Written by Kristen Lopez
As a California resident, specifically living near San Francisco, Fruitvale Station produced a slew of emotions before I sat down to watch it. I vividly remember the death of Oscar Grant and the ensuing trial and rioting following the verdict. It’s enough to color my perspective of how first-time director Ryan Coogler chooses to depict events. Regardless, as a film, Fruitvale Station is a moving tribute to Grant’s memory, as well as an exploration on the notion of race, personal history, and seizing the moment.
On New Year’s Eve, 2008, 22-year-old Oscar Grant (Michael B. Jordan) and a group of friends were detained by San Francisco BART police. An ensuing scuffle culminated with Grant’s death and questions of police brutality. The film details the 24-hours leading up to Grant’s death.
By keeping events contained to a 24-hour period Coogler prodces maximum impact in barely 90-minutes. Opening with the infamous footage of Grant’s death, the film pulls no punches whether you know how the story ends or not. The script explores the multitude of gray areas which cropped up during the trial: Grant’s troubled past involving prison and drug dealing, his contentious relationship with his girlfriend (played with heart wrenching emotion by Melonie Diaz), and his various attempts to get back on track. To Coogler, these elements are irrelevant; Grant was a human being with flaws like everyone else. He fell down, but hoped to get back up again. When Oscar’s past intrudes in on him, culminating in him being pulled off the train to his death, the audience wishes things could be different; desiring an outcome where his past didn’t dictate his future. Certain elements are heavy-handed – a scene of Oscar staying with a dying dog mercilessly hit by a car tells the audience how Coogler feels about Grant’s death – but is part of the strong emotions the case brings up.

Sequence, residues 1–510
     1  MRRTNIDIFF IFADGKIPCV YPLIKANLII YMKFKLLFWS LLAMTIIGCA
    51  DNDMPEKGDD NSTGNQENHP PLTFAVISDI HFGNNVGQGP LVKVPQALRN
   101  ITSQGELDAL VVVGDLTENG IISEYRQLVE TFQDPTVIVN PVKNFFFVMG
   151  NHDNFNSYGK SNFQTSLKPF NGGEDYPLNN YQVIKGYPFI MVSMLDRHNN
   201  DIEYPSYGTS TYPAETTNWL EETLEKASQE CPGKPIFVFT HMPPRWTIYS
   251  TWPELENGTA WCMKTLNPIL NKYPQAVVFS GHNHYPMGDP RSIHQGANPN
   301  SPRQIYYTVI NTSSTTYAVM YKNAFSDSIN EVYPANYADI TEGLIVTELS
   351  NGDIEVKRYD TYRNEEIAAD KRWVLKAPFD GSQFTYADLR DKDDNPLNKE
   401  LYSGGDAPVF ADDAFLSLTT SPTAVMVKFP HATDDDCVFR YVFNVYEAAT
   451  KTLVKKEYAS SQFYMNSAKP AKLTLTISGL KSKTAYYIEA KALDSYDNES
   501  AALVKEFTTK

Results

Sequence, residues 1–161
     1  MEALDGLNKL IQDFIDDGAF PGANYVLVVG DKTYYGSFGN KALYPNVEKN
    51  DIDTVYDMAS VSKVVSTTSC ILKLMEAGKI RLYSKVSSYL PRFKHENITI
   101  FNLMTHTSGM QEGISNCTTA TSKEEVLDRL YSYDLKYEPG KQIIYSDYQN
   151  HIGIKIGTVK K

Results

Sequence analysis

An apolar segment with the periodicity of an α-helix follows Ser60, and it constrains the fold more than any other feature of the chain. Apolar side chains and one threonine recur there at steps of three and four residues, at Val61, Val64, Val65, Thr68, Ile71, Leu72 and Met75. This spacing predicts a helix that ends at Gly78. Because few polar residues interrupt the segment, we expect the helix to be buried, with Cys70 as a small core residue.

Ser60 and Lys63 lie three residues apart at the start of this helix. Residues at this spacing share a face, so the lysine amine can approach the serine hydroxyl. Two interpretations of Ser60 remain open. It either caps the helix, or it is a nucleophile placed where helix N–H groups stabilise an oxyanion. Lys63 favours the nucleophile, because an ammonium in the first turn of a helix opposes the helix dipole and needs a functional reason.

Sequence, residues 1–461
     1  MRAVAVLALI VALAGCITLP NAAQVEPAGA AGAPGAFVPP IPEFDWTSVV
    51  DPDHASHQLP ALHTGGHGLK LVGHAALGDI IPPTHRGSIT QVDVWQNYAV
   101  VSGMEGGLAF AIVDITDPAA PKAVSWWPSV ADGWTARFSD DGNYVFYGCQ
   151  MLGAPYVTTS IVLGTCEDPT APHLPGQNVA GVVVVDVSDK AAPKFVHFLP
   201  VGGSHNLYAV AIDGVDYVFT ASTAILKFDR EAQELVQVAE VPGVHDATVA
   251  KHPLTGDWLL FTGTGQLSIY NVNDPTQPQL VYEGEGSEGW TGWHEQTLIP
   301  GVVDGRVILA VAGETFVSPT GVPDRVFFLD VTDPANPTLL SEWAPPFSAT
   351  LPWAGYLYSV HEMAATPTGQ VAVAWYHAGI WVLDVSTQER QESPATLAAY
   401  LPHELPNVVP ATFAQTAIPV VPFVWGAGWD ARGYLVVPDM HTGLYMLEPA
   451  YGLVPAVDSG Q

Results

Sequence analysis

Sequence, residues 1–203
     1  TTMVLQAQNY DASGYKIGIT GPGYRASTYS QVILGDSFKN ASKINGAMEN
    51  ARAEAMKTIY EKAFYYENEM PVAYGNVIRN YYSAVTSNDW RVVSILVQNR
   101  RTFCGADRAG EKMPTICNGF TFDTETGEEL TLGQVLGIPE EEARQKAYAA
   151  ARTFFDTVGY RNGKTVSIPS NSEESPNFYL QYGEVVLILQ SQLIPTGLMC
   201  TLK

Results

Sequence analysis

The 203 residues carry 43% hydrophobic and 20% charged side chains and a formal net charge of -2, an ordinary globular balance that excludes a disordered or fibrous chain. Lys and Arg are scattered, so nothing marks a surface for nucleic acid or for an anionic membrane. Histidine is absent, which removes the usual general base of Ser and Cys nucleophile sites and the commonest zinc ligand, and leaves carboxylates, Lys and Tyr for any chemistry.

The emphasis on race is apparent throughout Coogler’s narrative, expected considering the firestorm the case brought in regards to it. At various points African-American characters interact with white characters for good and bad. Coogler’s picture makes the events about race while simultaneously saying they’re irrelevant. Oscar’s interactions with a white woman in a supermarket have just as much bearing, as well as no bearing, as the events leading up to his death. They act in conjunction and independently with each other. It’s an intriguing element, the unity of events as well as marking their independence, presenting a fully fleshed out story, as well as the strength of Coogler’s script.
The strong emotional connection is a testament to the acting of Michael B. Jordan as Grant. Jordan plays the role playful in tender-hearted scenes with his daughter and girlfriend, but has an underlying darkness you witness during a flashback of Grant in jail. Jordan projects the various facets of Grant’s life: father, son, brother, friend and is a marvel at all of them. He’s complimented by Diaz and Octavia Spencer as Grant’s girlfriend and mother, respectively. Grant is the soul of the movie, but the characters played by Diaz and Spencer are the arms which lift his character up, acting as a grail for him to turn his life around. Their reactions are the hardest to take as they provide proof of a life half-lived.
The bonus features feel incidental but the presentation of the film is better than the packaging it comes in. There’s the requisite real-life featurette focused on Grant’s life, death, and the subsequent trial. It’s great for those who don’t recall the original events, but if you live in the area and/or recall everything there’s really nothing there for you. There’s also a Q&A with Ryan Coogler which is great, discussing the movie and its impact. Coogler is a Sac State alum (Go Hornets!) so it was great to hear a fellow alumnus talk about his project. The Blu-ray/DVD combo pack also includes the film on digital via Ultraviolet.
Ryan Coogler is a promising director and Fruitvale Station is an amazing debut! Michael B. Jordan, Melonie Diaz, and Octavia Spencer are a trio of consummate professionals who take this story and make it about life. At the end of it all, Grant’s life ended in tragedy, but the characters alert you to seize the moment, take nothing for granted, and maybe look closer at the world around you.